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What is PABA? Why do we need it?

PABA is short for para-aminobenzoic acid. Although it is called an "acid," para-aminobenzoic acid is actually a type of water-soluble vitamin similar to the B vitamins. It is not considered an essential element.

Para-aminobenzoic acid has a protective effect on many parts of the body. It is used as an ingredient in various sunscreens to protect the skin against sunburn, aging, and some types of skin cancer that can be caused by excessive exposure to sunlight. It also aids in the production of red blood cells and folic acid, and is used in the metabolism of certain proteins. It is also believed to play a role in the fertility levels of males, although research on this subject has yet to be conducted thoroughly. There is also anecdotal evidence that oral supplementation with para-aminobenzoic acid can help restore gray hair to a darker color.

How much PABA should I take?

Most studies that have examined para-aminobenzoic acid have used dosages ranging between 300 milligrams to 12 grams per day. Any person taking amounts of para-aminobenzoic acid larger than 400 milligrams per day should consult a licensed health care provider.

What forms of PABA are available?

Para-aminobenzoic acid can be found in several types of grains and brans, along with wheat germ, molasses, yeast, and liver. It is also available as a nutritional supplement, but because it is mildly acidic, it can cause stomach irritation. A potassium salt version of para-aminobenzoic acid appears to be better tolerated in humans.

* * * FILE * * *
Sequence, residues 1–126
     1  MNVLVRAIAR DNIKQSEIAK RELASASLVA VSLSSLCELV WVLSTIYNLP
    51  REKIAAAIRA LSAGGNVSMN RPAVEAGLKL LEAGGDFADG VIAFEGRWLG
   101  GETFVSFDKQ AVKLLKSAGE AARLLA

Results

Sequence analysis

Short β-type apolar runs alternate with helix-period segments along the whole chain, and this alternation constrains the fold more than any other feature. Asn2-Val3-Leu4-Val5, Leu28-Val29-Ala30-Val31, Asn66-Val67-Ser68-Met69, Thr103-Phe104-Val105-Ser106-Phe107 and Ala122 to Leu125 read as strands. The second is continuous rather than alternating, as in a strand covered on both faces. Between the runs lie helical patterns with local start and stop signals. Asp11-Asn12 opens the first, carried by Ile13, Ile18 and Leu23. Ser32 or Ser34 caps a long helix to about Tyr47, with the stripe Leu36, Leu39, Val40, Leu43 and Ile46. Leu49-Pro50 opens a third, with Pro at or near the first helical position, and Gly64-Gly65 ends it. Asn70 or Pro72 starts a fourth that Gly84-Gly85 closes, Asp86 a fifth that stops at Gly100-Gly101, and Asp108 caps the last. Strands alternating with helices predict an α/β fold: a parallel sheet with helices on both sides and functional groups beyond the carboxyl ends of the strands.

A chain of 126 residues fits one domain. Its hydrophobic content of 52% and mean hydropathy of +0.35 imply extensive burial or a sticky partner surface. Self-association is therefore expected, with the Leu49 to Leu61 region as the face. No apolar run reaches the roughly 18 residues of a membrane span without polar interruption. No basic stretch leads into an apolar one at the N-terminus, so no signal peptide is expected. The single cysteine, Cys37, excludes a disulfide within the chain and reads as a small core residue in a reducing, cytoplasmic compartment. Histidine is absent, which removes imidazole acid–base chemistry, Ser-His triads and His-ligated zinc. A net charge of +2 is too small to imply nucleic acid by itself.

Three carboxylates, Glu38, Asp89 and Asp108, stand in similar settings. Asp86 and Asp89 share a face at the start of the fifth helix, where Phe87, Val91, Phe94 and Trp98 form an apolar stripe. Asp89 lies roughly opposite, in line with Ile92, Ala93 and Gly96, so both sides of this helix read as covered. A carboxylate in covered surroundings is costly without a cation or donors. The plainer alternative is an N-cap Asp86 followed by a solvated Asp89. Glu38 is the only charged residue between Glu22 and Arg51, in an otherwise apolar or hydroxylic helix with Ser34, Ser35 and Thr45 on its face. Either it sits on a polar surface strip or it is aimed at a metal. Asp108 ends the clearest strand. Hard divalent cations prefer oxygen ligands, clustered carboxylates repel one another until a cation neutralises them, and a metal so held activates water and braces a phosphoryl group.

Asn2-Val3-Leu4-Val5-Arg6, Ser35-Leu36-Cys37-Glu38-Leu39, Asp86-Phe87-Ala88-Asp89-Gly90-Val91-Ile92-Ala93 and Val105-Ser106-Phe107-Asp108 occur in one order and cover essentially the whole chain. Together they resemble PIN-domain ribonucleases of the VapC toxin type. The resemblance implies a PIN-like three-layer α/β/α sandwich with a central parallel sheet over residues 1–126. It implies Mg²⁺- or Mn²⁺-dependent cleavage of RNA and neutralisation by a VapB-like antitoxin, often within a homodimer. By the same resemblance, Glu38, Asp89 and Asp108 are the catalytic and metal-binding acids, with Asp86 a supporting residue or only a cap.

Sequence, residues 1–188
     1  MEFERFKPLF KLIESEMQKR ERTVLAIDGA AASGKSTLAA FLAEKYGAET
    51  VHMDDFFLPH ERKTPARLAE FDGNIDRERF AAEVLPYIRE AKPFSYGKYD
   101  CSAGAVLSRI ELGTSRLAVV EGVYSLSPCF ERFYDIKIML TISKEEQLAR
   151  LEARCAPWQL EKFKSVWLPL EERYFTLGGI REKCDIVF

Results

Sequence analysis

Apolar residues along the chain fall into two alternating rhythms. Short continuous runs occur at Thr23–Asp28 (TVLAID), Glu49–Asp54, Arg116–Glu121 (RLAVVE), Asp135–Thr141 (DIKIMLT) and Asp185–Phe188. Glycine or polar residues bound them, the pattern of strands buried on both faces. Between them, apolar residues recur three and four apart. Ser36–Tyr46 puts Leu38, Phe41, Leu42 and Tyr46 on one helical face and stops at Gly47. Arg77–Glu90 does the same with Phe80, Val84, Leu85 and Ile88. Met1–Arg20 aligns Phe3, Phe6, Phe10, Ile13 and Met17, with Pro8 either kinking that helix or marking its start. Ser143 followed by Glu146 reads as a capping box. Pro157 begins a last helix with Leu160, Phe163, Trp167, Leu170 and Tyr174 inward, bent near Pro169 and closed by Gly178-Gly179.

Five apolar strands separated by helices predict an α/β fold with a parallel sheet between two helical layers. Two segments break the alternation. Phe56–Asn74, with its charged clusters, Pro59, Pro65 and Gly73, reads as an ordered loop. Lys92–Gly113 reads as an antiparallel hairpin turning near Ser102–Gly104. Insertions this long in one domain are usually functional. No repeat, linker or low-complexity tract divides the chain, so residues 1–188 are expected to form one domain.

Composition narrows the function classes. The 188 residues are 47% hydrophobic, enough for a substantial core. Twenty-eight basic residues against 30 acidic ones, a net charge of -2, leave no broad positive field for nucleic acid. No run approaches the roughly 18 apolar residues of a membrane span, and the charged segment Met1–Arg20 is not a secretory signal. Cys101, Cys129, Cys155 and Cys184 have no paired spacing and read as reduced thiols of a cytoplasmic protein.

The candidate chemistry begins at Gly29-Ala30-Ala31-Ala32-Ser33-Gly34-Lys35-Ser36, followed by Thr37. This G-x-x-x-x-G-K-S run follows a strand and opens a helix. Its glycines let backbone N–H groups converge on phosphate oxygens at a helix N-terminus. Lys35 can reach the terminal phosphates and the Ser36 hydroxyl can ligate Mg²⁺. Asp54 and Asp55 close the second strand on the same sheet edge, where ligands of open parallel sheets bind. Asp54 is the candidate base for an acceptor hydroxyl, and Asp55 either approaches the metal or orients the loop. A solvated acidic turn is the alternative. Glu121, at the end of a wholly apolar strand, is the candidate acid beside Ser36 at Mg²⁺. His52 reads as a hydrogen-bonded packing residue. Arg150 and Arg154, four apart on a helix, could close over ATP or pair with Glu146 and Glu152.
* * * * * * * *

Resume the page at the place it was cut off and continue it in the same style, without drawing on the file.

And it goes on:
What can happen if I take too much PABA? Are there any interactions I should be aware of? What precautions should I take?

While no serious side-effects have been noted in patients taking between 300 and 400 milligrams of para-aminobenzoic acid, larger amounts may cause low blood sugar, skin irritations, and in some instances, liver damage. Para-aminobenzoic may also call allergic reactions on the skin. Extremely large doses (more than 20 grams per day) may be fatal in small children.

Para-aminobenzoic acid appears to interfere with the activities of certain antibiotics known as "sulfa drugs." Therefore, it should not be taken when these medications are being used. As always, make sure to consult with a licensed health care provider before taking para-aminobenzoic acid or any other herbal remedy or dietary supplement.


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  • Worobec S, LaChine A. Dangers of orally administered para-aminobenzoic acid. JAMA 1984;251:2348.
  • Zarafonetis CJ, Dabich L, Devol EB, et al. Retrospective studies in scleroderma: pulmonary findings and effect of potassium p-aminobenzoate on vital capacity. Respiration 1989;56:22-33.
  • Zarafonetis CJD, Dabich L, Negri D, et al. Retrospective studies in scleroderma: effect of potassium para-aminobenzoate on survival. J Clin Epidemiol 1988;41:193-205.
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